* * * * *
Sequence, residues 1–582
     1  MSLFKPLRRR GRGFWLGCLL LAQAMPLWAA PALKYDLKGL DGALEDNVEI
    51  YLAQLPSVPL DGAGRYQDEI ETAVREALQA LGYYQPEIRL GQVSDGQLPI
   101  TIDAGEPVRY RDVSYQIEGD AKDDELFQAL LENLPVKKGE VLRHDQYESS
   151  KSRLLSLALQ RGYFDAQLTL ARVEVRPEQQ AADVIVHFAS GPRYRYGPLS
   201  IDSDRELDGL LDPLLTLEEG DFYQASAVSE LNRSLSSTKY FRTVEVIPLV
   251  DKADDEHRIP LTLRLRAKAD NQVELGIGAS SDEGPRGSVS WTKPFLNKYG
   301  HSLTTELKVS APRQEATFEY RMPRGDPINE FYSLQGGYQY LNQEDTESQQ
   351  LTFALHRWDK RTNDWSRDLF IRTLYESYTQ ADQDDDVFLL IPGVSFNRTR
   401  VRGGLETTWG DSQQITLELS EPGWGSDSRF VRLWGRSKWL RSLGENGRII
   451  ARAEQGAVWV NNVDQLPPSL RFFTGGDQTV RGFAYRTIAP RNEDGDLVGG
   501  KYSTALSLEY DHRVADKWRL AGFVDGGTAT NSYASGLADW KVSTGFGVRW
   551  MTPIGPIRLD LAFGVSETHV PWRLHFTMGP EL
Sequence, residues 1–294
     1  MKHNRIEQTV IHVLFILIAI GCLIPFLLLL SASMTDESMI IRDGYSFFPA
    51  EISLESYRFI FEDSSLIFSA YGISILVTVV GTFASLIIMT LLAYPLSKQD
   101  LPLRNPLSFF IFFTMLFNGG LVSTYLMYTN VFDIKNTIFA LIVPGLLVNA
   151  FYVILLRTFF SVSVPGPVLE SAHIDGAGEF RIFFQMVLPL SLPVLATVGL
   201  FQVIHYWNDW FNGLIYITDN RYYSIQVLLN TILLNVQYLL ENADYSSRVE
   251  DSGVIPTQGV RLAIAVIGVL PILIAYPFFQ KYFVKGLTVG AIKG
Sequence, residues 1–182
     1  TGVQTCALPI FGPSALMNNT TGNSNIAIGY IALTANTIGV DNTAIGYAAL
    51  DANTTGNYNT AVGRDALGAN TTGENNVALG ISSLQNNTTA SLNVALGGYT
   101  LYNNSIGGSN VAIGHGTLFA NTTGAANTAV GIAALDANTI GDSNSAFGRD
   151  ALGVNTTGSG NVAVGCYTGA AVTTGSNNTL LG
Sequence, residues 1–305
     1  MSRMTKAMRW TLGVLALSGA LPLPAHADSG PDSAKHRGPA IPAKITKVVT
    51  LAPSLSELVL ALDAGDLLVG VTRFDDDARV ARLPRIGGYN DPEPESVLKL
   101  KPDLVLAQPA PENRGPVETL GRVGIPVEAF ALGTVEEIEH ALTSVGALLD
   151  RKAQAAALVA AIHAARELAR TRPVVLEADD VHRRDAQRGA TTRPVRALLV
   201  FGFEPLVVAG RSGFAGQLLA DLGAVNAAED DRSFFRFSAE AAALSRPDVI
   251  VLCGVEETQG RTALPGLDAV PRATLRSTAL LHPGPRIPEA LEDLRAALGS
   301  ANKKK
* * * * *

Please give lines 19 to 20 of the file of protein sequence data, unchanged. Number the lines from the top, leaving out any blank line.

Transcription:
   201  FQVIHYWNDW FNGLIYITDN RYYSIQVLLN TILLNVQYLL ENADYSSRVE
   251  DSGVIPTQGV RLAIAVIGVL PILIAYPFFQ KYFVKGLTVG AIKG